London: The importance of sleep is not lost on anyone but despite the awareness, there are many who sacrifice this critical requirement for all-round well-being. For example, one in five adults in the UK, and a third of those in the US, fail to get the seven to nine hours recommended for those aged 18-64. Key restorative processes take place while we are asleep which is why sleep deprivation has been linked to a long list of health problems, including type 2 diabetes, cardiovascular disease, depression and obesity.
A new study of mortality rates of nearly half a million people finds that individuals who strongly preferred to stay up late were more likely to be dead at the end of a six-and-a-half-year period.
The findings, described in the journal Chronobiology International, offer the first study linking mortality risk to night-owl sleep habits, according to the authors. The results could help researchers better understand another aspect of the role that circadian rhythms play in human health.
Scientists have long studied whether night owls are saddled with health impacts — some research has linked a preference for sleeping late to higher rates of diabetes, heart disease and obesity, among others. But little was known on whether there was a link between sleeping late and the ultimate outcome: an earlier death.
“We wanted to see whether this translated also into an increased risk of mortality and no one had done that before,” said lead author Kristen Knutson, an anthropologist at Northwestern University.
The researchers were able to study the health outcomes of 433,268 people from ages 38 to 73 using data from a cohort study called the UK Biobank Study. They sorted people by whether they were definite morning types (aka “morning larks”), definite evening types, moderate morning types or moderate evening types.
They compared the different types, adjusting for a range of factors including the study participants’ age, sleep duration and existing health problems. The results showed that by the end of 6.5 years, the definite evening types were about 10% more likely to have died than the definite morning types, Knutson said.
“What we found is that the night owls, the definite evening types, were the ones that were at increased risk of mortality compared to the definite morning types — and the middle groups really weren’t,” she said. “So it was really something about being a true evening type that was problematic.”
It’s unclear exactly why night owls are more likely to die than the early risers in this time period — and the study only established a correlation between the two, not cause and effect. But the researchers had some ideas.
“We think the problem is really when the night owl tries to live in a morning-lark world,” Knutson said. “So they want to be up late but they have to be up early for work and so the time that they’re doing things, like waking up or eating, is not at the correct time for them.”
That tension between an evening person’s preferred routine and the routine of their environment also tends to lead to more irregular schedules, she added.
“The mismatch between their internal biological clock and their behavior and environment is problematic, especially in the long run,” Knutson said.
Six ways to get better sleep
It is not, however, all about duration. Our bodies do different things during different sleep phases, which are characterised by different brainwave patterns. REM sleep has been linked to learning and memory, while growth hormone is released during deep sleep. One of the best ways to boost sleep quality is to maintain regular sleep times. A US study published last year found that students with irregular sleep patterns get lower academic grades .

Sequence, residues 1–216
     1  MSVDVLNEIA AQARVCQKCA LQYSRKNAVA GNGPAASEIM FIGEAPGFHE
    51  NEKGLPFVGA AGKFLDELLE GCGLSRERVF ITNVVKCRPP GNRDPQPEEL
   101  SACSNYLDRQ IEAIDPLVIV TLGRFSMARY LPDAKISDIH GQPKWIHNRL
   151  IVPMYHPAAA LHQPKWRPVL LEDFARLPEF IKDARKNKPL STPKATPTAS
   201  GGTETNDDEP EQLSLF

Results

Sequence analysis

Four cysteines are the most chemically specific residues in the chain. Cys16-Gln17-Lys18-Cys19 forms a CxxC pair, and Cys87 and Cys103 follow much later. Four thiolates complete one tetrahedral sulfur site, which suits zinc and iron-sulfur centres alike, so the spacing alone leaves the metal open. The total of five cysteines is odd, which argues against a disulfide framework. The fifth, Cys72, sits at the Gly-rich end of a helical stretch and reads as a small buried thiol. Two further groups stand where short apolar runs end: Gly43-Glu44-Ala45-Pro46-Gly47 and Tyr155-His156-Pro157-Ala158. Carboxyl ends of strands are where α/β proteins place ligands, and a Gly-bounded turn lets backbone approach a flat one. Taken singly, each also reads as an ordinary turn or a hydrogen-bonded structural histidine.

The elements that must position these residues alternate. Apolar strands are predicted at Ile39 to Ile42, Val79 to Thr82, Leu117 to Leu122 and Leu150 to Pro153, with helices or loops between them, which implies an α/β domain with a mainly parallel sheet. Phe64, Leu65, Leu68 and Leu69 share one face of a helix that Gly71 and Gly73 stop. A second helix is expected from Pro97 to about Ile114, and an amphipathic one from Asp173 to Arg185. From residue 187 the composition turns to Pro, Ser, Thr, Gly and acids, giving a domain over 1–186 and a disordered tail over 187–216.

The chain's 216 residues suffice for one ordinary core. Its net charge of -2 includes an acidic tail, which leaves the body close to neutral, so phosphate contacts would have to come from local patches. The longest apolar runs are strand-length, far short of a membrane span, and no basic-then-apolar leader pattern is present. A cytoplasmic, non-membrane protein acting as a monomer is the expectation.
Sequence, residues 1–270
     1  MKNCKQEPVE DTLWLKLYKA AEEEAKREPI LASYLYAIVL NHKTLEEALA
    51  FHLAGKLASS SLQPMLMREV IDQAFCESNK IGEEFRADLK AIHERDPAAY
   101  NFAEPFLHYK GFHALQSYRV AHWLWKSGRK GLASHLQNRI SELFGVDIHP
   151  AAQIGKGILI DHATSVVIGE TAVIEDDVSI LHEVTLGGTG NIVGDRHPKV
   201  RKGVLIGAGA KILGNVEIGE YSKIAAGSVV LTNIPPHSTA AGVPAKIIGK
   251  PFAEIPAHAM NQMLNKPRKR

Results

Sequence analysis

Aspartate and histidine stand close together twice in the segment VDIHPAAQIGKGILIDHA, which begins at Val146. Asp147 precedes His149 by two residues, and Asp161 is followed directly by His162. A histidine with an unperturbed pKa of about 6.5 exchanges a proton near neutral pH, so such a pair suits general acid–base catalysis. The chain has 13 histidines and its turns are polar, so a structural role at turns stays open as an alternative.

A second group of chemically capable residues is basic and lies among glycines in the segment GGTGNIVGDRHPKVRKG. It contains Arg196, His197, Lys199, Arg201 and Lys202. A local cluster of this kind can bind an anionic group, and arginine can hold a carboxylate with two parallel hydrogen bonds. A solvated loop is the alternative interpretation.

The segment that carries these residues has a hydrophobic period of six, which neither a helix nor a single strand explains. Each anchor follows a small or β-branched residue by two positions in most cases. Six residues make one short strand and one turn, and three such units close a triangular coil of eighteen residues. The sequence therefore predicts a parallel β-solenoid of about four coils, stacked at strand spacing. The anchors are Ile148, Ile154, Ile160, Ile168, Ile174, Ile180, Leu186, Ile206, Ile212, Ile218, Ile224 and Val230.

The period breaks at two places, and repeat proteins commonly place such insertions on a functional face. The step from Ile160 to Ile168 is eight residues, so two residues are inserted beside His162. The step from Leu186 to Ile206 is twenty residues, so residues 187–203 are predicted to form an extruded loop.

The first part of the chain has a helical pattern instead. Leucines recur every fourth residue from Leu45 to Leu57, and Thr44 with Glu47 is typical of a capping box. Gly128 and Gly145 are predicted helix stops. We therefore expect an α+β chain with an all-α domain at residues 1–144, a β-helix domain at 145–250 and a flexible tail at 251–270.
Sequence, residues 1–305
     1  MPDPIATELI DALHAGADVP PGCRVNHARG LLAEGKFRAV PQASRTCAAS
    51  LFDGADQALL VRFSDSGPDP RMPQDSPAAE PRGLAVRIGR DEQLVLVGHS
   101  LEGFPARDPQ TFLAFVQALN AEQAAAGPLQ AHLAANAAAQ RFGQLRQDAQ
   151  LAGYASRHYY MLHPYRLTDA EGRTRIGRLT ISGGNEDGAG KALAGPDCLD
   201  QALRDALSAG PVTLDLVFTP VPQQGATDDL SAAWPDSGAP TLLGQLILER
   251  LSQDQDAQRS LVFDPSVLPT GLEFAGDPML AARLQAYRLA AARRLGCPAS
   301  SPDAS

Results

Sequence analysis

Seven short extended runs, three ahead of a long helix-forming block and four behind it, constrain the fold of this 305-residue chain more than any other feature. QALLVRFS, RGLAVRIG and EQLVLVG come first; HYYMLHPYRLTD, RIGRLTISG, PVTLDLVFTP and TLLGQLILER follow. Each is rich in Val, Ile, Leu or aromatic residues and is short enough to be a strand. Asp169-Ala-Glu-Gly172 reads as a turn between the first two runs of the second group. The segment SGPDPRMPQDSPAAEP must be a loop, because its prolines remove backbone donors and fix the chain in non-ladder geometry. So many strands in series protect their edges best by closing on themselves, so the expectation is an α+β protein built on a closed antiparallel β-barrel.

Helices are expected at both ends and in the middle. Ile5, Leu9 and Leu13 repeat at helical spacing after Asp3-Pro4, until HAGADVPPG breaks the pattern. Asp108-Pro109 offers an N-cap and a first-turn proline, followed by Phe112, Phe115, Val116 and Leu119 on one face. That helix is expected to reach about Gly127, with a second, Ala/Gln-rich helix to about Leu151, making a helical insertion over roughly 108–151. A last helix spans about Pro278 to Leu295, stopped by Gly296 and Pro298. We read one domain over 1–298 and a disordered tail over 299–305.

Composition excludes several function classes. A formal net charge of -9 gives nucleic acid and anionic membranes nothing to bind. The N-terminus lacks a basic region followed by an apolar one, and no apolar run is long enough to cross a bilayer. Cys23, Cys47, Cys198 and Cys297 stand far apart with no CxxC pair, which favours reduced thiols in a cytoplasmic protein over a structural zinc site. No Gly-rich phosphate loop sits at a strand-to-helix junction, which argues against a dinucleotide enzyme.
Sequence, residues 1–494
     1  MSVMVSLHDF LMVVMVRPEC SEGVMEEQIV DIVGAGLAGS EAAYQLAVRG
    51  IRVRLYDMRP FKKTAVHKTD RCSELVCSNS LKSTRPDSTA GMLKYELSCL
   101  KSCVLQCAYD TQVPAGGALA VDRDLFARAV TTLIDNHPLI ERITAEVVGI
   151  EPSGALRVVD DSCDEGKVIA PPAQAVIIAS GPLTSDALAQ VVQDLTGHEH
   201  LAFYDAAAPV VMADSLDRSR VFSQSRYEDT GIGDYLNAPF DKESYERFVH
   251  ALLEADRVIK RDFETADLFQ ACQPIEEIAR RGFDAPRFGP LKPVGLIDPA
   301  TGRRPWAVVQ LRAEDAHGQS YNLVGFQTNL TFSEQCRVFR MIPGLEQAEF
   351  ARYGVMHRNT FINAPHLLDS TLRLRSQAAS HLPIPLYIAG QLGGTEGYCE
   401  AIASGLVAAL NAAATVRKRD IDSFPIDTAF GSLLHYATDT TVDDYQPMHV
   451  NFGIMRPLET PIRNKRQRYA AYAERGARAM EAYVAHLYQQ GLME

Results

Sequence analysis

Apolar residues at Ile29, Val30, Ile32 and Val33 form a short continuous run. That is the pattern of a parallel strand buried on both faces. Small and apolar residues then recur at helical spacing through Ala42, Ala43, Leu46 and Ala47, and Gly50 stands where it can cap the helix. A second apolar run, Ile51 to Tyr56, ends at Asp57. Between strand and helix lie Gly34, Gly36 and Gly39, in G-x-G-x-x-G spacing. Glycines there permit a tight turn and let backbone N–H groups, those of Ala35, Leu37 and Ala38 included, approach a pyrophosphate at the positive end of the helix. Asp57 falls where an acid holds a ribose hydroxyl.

Mind the nap
What did Albert Einstein, Margaret Thatcher and Salvador Dali have in common? They were all enthusiastic nappers. Sleeping for 10-20 minutes after lunch can be restorative, although longer naps, especially in the late afternoon or evening, can undermine night-time sleep.
Cut the caffeine
Caffeine blocks the build up of sleep-inducing chemicals in the brain. Research suggests leaving at least six hours between your last coffee and bedtime, although the time it takes to break down down varies from person to person.
The dark side of light
Body clocks in almost every cell in the human body use signals about light levels to control fluctuations in things such as hormone levels, temperature and metabolism. Studies have shown that melatonin is released earlier and sleep duration is longer in societies that live without electric light. Candlelight may not be practical, but dimming bright lights in the run up to bedtime helps your body prepare for sleep. Using tablets, phones and televisions late at night does the opposite.
Do sweat it
Research has shown that working out can boost sleep. A review of 34 studies involving almost 2,000 participants found exercise shortens the time it takes to nod off and improves sleep duration and quality. However, Japanese researchers found that vigorous running an hour before bedtime cuts sleep length, while moderate exercise does not. “Regular exercise during the day or evening is a great way to improve sleep, but within two hours of bedtime it releases hormones that can lengthen the time needed to get to sleep,” says Shadab Rahman , a sleep researcher at Harvard Medical School in Boston, Massachusetts.
Make a sleep sanctuary
Ensure your mattress and pillows are comfortable and supportive. If you are sharing, you are likely to sleep better in a 1.8 metre-wide super king than a 1.4 metre-wide double. Thick curtains or blackout blinds can also help. Body temperature drops during sleep, so 16-18C is about right. Keep your bedroom clean and clutter-free. Soothing scents may put you in the right mood for a good night’s sleep.